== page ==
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The Barbarians and The Norseman Double Feature DVD Review

The Barbarians and The Norseman Double Feature DVD

“The Barbarians” is one of the all-time best bad movies while “The Norseman” is a comically bad Viking movie.

Continuing their line of affordably priced action packed double feature DVDs, Timeless Media Group has now released “The Barbarians” and “The Norseman” together. Some folks may have never even heard of these titles, other folks may wonder what the big deal is, while others will undoubtedly jump for joy. Now, I don’t know if “The Norseman” has any fans, but I can tell you that “The Barbarians” definitely has a fanbase.

As a DVD reviewer and collector, I, of course, have a list of “Most Wanted Titles.” While I may possibly never see titles like “Salute Your Shorts,” the Producer’s Cut of “Halloween: The Curse of Michael Myers” or certain “Mystery Science Theater 3000” episodes, I can finally cross one title off my list- “The Barbarians.”

In case you have never experienced this delightfully bad piece of 80’s sword and sorcery cheese, you’ve been missing out. The story concerns two orphan twin brothers (Kutchek and Gore) who are from a tribe of entertainers called the Radniks. After the resident baddie (Kadar) captures the Radnik leader (Queen Canary), she makes a deal to ensure the two boys are safe. So, the two grow up apart one from another and train to be gladiators. The movie then cuts ahead several years later when Kutchek and Gore are muscular meathead gladiatorial warriors. The two are about to fight one another unknowingly until they finally realize what is going on. From there on out, the two embark on a quest to try and save their Queen (Queen Canary) from the evil clutches of Kadar. Along the way, they meet a feisty woman named Lemone who helps them in their quest as well.

“The Barbarians” (which is a cross between “Road Warrior” and “Conan the Barbarian”) is one of those bad oddball 80’s movies that is so bad, it’s good. The corny score, the constant shouting of “Hurrrr,” the lame brained dialogue, the gloriously over-the-top death scenes, the bizarre characters, and the “acting” by twins Peter Paul and David Paul- are all equally baffling and hilarious. The movie never takes itself seriously and the viewer should never take the movie seriously. It’s just flat out mindless fantasy fun.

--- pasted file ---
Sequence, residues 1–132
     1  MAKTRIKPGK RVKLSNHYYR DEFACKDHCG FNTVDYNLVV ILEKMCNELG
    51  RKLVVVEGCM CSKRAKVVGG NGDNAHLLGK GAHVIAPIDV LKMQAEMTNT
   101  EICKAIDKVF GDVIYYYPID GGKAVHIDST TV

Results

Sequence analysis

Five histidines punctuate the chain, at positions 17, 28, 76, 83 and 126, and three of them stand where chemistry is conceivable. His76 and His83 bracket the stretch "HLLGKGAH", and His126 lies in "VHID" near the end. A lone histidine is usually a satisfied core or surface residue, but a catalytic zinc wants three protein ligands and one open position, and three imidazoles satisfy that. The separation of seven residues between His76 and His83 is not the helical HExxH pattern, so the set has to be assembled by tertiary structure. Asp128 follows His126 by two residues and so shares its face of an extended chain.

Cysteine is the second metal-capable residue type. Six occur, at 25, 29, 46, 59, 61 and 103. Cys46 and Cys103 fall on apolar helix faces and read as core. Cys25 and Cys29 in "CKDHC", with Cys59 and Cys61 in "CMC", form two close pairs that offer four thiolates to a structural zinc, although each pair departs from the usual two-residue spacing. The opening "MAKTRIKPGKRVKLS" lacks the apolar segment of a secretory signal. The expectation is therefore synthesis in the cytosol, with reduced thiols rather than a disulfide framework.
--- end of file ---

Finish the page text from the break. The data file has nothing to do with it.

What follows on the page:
Now, “The Norseman” is a film that I hadn’t heard of before (and for good reason). This barely scripted 1978 clunker involves a group of Vikings (led by Thorvald) traveling to America (or Vineland as the Norsemen call it) to search for their missing King Eurich (who has apparently been captured by the Iroquois Indians). Add in a few Indian and Viking skirmishes and a babbling hunchback wide eyed hooded prophetic wizard with a bird and that’s the entire plot in a nutshell.

In the annals of cinematic history, it’s safe to say that ‘The Norseman” has some of the worst casting you will ever see. Lee Majors (“The Six Million Dollar Man” himself) plays Thorvald and makes no effort to hide his American accent. He also barely makes an effort to act as he mostly says words in a very strange fashion (see his pronunciations of wizard and Norsemen). Eric (played by child actor Chuck Pierce Jr.) isn’t much better as his southern accent is VERY apparent. Remember, these characters are supposed to be Vikings.

On top of the bad casting, “The Norseman” features bombastic music that rarely fits scenes, horrendous voice over exposition, dirt cheap costumes and props, laughably bad dialogue, historical inaccuracies aplenty, a multitude of running scenes, and so much slow motion that you have to wonder how short this movie would have been without it.

As bad as the film is, however, it does have camp value. This is the type of film that you can’t help but laugh and shake your head at. It’s just mind blowing that this film got made at all considering how disastrously flawed it is. Plus, seeing Lee Majors as a Viking is truly something to behold.

Video/Audio:

“The Norseman” is presented in 2.35:1 while “The Barbarians” is presented in 4:3. “The Norseman” looks surprisingly sharp here. There are dirt specs here and there, but the colors are shockingly crisp. “The Barbarians,” meanwhile, looks like a VHS copy. To be honest though, it doesn’t bother me as I’m just happy to have this movie on DVD.

Both films contain unspecified Dolby Digital audio tracks and both films sound solid. These aren’t 5.1 quality tracks, but they’re respectable.

No extras have been included.

Summary: This DVD is worth buying just for “The Barbarians,” but “The Norseman” offers up a few laughs as well.

September 29, 2013 - Posted by | DVD review | , , , , ,

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